5. As regards the double benefit allowed to some employees while deducting tax at source on account of deduction for house rent allowance as well as benefit of interest on self-occupied house property as alleged by the A.O., it was submitted on behalf of the assessee company before the A.O. that there were some employees who had let out their properties to earn rental income and were themselves staying in the rental premises. It was submitted that there was no cap on the amount of interest to be allowed in such cases and accordingly interest paid was entirely allowed as deduction from the rental income while working out the loss under the head income from house property. Simultaneously, deduction u/s 10 was also allowed to the said employees on account of house rent allowance u/s 10 after taking into consideration the rent actually paid by them. This explanation of the assessee was not found acceptable by the A.O. According to him, when their properties were given on rent by the concerned employees, it was not permissible to the assessee company as a deductor to allow the interest portion only. He held that the employees who had been allowed exemption for house rent allowance on the basis of rent paid thus were not entitled to deduction on account of interest on housing loan and the benefit of such interest was allowed by the assessee in excess to the extent of Rs. 43,66,699/- while deducting tax at source. Accordingly the assessee was treated by him as the assessee in default to the extent of Rs. 11,74,088/-. The A.O. thus passed an order dated 31.03.2014 u/s 201(1) / 201(1A) of the Act treating the assessee company as the assessee in default for non-deduction / short deduction of tax at source to the tune of Rs. 27,21,647/- and also levied interest u/s 201(1A) to the extent of Rs. 9,79,792/-.

6. Aggrieved by the order of the A.O. passed u/s 201(1)/201(1A), an appeal was preferred by the assessee before the Ld. CIT(A) and after considering the submissions made by the assessee as well as the material available on record, the Ld. CIT(A) decided the three issues involved in the case of the assessee regarding the alleged non deduction / short deduction of tax at source by the assessee as under:

TDS default in respect of communication charges

“3A. The AO has cited Finance Act 2012 to treat the payment towards internet charges and specialized line rental as royalty. The Financial Year concerned being 2011-12 precedes the coming into effect of the Finance Act 2012. Being towards internet/internet connectivity charges and of specialized nature rental cannot be treated as professional services as no human intervention is involved and the service is of a standard description. The internet charges could not be subjected to TDS. However, specialized line rental can also be not treated as royalty for the purpose of section 194J. The AO has no case u/s.194J of the Act. The AO has simply not accepted the submission of the appellant to the effect that Finance Act 2012 Explanations 4, 5 & 6 are only prospective as the amended provisions were to be applicable only from 1.7.2012. No reason has been given by the AO as to why the appellant’s submission has been not accepted, though the AO has reproduced in his order the submissions dated 28.3.2014 and 31.3.2014 in para (i)(a) and (i)(b) of his order under communication charges.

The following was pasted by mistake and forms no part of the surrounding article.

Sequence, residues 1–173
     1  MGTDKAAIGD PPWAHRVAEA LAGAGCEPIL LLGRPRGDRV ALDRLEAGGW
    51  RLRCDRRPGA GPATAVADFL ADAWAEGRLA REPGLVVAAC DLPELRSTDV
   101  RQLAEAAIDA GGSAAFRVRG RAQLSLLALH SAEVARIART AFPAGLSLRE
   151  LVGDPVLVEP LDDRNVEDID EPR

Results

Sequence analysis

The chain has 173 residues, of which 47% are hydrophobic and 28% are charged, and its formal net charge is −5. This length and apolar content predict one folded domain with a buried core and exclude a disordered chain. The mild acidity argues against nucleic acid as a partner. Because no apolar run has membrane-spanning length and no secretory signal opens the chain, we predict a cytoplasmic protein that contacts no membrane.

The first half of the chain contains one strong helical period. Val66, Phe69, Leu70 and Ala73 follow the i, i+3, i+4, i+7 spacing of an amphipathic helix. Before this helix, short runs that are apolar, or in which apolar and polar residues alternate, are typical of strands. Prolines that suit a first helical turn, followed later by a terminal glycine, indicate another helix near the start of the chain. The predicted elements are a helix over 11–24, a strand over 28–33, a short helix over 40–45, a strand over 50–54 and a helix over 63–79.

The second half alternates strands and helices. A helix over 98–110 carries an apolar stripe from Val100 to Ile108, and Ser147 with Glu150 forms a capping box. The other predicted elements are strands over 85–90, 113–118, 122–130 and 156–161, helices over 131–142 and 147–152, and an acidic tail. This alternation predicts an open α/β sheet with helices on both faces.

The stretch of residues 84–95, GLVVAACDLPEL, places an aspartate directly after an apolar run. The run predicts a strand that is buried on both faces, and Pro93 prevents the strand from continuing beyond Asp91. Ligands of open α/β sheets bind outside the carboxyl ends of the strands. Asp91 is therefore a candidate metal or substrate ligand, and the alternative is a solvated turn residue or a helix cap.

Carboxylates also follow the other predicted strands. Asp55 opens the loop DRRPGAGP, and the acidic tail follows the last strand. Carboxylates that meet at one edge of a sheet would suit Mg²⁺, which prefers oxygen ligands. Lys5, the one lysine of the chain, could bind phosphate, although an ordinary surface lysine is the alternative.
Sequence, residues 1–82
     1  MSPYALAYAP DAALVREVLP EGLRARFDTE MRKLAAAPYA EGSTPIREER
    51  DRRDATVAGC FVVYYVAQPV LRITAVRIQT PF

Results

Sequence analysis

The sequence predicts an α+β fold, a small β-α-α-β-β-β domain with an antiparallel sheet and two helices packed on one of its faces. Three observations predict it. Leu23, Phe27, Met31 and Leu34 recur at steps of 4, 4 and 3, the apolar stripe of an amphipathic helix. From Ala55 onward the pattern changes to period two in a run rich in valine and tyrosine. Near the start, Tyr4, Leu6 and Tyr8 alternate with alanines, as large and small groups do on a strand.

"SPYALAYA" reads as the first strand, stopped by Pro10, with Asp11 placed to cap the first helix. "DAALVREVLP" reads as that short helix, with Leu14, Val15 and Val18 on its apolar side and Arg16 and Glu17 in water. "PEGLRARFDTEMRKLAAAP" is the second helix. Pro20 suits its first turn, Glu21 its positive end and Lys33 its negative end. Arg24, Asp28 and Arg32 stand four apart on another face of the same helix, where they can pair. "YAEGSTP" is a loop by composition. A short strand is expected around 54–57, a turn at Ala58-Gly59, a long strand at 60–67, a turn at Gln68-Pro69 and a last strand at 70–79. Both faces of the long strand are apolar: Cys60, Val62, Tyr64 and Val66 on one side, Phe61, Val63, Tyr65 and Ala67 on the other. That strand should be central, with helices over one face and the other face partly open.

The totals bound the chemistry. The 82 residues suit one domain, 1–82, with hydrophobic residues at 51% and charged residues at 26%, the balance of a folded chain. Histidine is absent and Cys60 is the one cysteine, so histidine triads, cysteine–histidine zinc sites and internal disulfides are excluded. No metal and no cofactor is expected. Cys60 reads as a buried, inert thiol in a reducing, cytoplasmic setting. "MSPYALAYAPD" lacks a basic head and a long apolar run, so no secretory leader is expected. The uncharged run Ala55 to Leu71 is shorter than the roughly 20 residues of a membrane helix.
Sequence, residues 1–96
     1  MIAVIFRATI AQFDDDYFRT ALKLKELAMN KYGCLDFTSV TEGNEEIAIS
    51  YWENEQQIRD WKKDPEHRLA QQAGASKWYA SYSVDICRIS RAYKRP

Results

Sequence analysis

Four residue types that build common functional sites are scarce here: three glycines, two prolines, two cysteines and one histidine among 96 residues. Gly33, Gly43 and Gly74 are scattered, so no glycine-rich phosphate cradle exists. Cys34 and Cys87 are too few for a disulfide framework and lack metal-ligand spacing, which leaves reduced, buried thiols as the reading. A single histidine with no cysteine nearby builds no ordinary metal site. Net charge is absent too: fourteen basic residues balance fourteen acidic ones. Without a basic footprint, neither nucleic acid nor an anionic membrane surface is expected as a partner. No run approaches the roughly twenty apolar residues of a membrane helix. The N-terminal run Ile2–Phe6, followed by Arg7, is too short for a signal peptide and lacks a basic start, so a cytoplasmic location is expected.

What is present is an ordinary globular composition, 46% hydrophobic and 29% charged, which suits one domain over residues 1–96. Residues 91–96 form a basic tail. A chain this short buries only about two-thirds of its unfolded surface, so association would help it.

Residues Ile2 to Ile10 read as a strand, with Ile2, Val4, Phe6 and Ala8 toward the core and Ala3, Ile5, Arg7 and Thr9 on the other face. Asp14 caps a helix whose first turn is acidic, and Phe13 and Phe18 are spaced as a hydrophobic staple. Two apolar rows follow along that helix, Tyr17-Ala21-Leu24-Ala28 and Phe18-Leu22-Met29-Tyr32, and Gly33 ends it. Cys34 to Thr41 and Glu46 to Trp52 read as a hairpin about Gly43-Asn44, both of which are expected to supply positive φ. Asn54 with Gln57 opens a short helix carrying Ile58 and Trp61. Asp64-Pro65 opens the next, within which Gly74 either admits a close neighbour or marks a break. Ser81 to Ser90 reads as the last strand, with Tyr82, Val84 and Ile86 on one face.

3B. In the course of appeal hearing the appellant relied on the cases of Sonata Information Technology Ltd. and Wifi Networks Pvt. Ltd. as discussed above. Going by the judicial decision it is thus apparent that liability to deduct TDS is governed by section 194J and section 9(1)(vi) as it existed before Finance Act 2012.It is difficult to appreciate the AO’s view that internet charges represent fees for technical services or royalty. As regards the line charges there is no discussion in the AO’s order as to why the said payment should be treated as royalty or liable to section 194J. The said line charges can be treated as rental for the line taken on lease and therefore deduction can possibly be made r-r/s.l94l rather than section 194J. I, therefore, direct the AO to restrict the determination of tax deductable by way of TDS in respect of line charges to 2% or as applicable in case of plants u/s 194J. This ground is therefore partly allowed.”

TDS default in respect of manpower supply charges

“From the AO’s observation as reproduced it appears that the AO has treated providing of Security Guard as managing the manpower so supplied. The AO has failed to point out how the supply of labour may be termed as managerial, professional or technical activity u/s 194J. The appellant submission on the point is reproduced as under:

‘From the copy of contract as well as confirmation of M/s. Zealot Industrial & Logistics Servies it is crystal clear that the labour (manpower) supplied were mainly for carrying out services of loading/unloading Cargo, Security Guards and House Keeping (sweeping and cleaning). Thus such services squarely falls under the provisions of section 194C for withholding of tax, as already reiterated both in the statement of facts and letter dated 11.01.2016 being in the nature of pure labour contract for carrying out work not involving any technical, professional, consulting or managerial functions.’